A picture dated in 1935 shows German Nazi’s parading down a street. In Germany, where the swastika elicits Adolf Hitler’s final solution and the systematic murder of six million Jews and 5 million others, Nazi symbols are rarely seen today. The conquering allies banned their display in October 1945; the new Federal Republic of Germany enshrined that ban in German law in 1949.
A picture dated in 1935 shows German Nazi’s parading down a street. In Germany, where the swastika elicits Adolf Hitler’s final solution and the systematic murder of six million Jews and 5 million others, Nazi symbols are rarely seen today. The conquering allies banned their display in October 1945; the new Federal Republic of Germany enshrined that ban in German law in 1949. - AFP/Getty Images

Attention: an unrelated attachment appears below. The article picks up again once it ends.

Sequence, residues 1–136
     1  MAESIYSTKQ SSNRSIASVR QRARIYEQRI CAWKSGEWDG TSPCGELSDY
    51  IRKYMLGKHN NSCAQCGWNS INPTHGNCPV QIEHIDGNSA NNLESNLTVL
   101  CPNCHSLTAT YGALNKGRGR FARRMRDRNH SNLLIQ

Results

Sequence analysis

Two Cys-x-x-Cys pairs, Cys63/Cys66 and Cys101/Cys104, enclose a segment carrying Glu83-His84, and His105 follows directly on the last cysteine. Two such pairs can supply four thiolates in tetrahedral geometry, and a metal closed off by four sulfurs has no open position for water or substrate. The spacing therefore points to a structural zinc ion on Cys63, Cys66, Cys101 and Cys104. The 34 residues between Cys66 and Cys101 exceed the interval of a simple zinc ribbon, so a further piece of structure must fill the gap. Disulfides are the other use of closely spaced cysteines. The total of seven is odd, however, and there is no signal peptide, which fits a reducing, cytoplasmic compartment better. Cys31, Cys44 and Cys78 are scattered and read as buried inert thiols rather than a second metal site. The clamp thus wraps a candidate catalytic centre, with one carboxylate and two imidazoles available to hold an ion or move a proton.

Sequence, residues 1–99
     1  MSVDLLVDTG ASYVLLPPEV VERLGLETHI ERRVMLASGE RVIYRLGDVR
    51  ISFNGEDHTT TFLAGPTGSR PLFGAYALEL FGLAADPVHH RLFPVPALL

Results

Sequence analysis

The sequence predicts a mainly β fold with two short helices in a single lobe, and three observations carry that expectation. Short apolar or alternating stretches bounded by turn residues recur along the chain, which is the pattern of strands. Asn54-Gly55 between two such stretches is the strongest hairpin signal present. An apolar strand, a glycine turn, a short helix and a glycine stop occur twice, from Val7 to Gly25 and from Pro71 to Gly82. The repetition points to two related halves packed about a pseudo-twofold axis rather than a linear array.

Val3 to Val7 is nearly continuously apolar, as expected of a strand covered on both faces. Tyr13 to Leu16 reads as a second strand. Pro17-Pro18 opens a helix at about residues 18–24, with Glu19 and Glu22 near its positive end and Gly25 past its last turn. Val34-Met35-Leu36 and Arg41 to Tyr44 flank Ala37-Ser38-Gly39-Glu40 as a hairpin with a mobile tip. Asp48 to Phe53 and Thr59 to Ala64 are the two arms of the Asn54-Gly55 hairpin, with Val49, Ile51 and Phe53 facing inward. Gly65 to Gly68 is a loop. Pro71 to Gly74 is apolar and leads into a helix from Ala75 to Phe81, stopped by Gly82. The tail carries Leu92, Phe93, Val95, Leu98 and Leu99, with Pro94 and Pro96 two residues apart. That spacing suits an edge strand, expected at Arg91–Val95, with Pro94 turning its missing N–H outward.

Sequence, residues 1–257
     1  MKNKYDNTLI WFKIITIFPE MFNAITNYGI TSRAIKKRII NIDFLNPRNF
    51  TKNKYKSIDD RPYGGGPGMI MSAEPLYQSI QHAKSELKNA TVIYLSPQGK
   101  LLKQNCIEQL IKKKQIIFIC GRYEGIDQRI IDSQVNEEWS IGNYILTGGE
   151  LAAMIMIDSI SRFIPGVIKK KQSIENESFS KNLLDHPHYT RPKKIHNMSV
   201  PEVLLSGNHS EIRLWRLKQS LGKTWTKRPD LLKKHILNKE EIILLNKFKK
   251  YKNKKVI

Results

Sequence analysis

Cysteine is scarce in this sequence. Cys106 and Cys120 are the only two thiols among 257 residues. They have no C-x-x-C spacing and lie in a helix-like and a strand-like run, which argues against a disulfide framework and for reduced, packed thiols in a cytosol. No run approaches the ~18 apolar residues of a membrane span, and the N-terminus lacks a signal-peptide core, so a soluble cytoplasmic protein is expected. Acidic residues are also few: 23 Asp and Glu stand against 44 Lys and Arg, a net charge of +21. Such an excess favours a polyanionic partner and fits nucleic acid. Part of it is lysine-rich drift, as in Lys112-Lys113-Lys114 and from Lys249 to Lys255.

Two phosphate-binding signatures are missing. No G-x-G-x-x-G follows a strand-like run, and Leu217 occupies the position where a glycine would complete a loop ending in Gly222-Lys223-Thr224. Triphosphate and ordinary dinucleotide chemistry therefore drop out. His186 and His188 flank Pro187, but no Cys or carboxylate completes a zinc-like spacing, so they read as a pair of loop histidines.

A picture dated in 1935 shows German Nazi’s parading down a street. In Germany, where the swastika elicits Adolf Hitler’s final solution and the systematic murder of six million Jews and 5 million others, Nazi symbols are rarely seen today. The conquering allies banned their display in October 1945; the new Federal Republic of Germany enshrined that ban in German law in 1949. - AFP/Getty Images

How Germany dealt with its symbols of hate

July 30, 2015 07:42 PM

UPDATED July 31, 2015 05:49 AM

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